Trust is the keyPresident Moon Jae-in had interviews with CBS and the Washington Post ahead of his planned visit to Washington and first summit with U.S. counterpart Donald Trump next week. He revealed what to expect from his talks with senior officials in Washington.
He reaffirmed that he could renew dialogue with North Korea if conditions are met or are right. He used the same wording as U.S. Secretary of State Tex Tillerson, who said Washington would meet with Pyongyang “under the right conditions” or if “conditions are right” while explaining the “maximum pressure and engagement” policy toward North Korea. Moon tried to explain that his engagement policy on North Korea is no different from Washington’s.
He stressed that there could be no difference of opinion on North Korea policy as the dismantlement of North Korea’s nuclear program and the denuclearization of the Korean Peninsula is their “common goal,” and both would turn to all possible pressure, sanctions and engaging means to achieve that goal.
He introduced a two-phased approach — first freezing Pyongyang’s nuclear activities and then, complete dismantlement in the weapons and facilities. The Trump administration has not specified exactly what the “right conditions” are for dialogue except that it depends on the change of attitude from Pyongyang. The two leaders should share their thoughts and find common ground if there are differences during the talks. He also emphasized that the environmental assessment does not mean postponement or reversal in the decision to deploy the U.S. Terminal High Altitude Area Defense (Thaad) system in Korea.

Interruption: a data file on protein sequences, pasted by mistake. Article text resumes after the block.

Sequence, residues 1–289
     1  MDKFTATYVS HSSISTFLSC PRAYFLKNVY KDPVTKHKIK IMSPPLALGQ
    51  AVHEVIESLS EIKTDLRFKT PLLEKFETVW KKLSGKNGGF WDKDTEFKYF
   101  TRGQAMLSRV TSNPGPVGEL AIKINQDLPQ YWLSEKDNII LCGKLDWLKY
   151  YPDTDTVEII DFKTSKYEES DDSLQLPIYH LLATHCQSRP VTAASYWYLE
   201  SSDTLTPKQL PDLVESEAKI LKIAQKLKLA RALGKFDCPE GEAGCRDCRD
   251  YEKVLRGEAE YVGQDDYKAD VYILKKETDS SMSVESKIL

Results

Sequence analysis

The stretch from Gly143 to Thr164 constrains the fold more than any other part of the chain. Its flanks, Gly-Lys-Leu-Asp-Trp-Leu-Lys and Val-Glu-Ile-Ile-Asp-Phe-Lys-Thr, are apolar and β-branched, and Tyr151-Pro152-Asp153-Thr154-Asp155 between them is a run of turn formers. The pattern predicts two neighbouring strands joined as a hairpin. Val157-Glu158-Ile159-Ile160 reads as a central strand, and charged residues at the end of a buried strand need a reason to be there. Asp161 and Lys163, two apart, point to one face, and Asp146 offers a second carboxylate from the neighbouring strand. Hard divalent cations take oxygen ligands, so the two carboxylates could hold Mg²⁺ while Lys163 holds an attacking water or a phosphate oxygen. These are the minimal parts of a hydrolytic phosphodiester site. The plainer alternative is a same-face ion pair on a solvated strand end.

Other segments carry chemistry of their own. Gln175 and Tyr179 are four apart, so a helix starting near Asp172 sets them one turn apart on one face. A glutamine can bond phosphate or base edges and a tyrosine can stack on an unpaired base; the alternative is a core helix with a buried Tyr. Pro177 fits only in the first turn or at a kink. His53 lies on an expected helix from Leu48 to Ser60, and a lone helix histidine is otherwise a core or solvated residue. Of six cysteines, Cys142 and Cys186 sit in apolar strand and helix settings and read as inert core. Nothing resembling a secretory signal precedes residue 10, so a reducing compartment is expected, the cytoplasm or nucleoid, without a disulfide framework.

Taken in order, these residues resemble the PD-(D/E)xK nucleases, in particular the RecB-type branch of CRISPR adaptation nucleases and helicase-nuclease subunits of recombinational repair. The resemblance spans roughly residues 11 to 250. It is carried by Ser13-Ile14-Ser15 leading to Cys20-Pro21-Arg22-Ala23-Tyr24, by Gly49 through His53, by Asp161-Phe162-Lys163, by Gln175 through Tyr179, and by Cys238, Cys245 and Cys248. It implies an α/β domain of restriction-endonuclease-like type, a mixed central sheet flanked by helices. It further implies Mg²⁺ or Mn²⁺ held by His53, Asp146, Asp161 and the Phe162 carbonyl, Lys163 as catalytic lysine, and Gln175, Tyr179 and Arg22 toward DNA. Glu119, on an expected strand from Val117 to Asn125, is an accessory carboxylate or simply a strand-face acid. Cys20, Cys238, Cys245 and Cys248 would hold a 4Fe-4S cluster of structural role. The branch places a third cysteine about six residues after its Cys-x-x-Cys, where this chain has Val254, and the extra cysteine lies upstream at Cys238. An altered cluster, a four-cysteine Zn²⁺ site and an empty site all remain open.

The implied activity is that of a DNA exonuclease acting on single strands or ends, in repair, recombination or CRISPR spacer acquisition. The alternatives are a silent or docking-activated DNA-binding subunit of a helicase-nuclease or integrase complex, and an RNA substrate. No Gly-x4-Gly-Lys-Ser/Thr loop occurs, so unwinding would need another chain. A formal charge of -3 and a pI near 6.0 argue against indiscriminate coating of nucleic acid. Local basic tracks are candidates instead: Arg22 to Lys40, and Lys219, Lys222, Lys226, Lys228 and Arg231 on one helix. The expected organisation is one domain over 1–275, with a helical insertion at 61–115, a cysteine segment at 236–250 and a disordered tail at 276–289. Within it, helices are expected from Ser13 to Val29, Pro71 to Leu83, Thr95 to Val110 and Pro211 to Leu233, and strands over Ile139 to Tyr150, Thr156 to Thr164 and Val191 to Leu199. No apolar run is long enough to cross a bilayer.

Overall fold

The reopening of Kaesong inter-Korean industrial park and its expansion is something Seoul can pursue at a “later stage when North Korea has made some progress on denuclearization,” he said.
In interviews on U.S. media, Moon has attempted to alleviate some of the misunderstandings Washington may have over him and his policy to set the mood for the upcoming talks. The two cannot expect to solve many of the pending issues in their first meeting. They must instead use the meeting to build mutual trust and momentum on active communication. Seoul cannot expect to play a bigger role in solving Pyongyang’s nuclear issue and smoothly solve the Thaad conflict if it does not have the full backing of Washington. Korea’s diplomacy with other nations can go smoothly when the country’s relationship with the U.S. is solid. Trust-building is most important.
JoongAng Ilbo, June 22, Page 30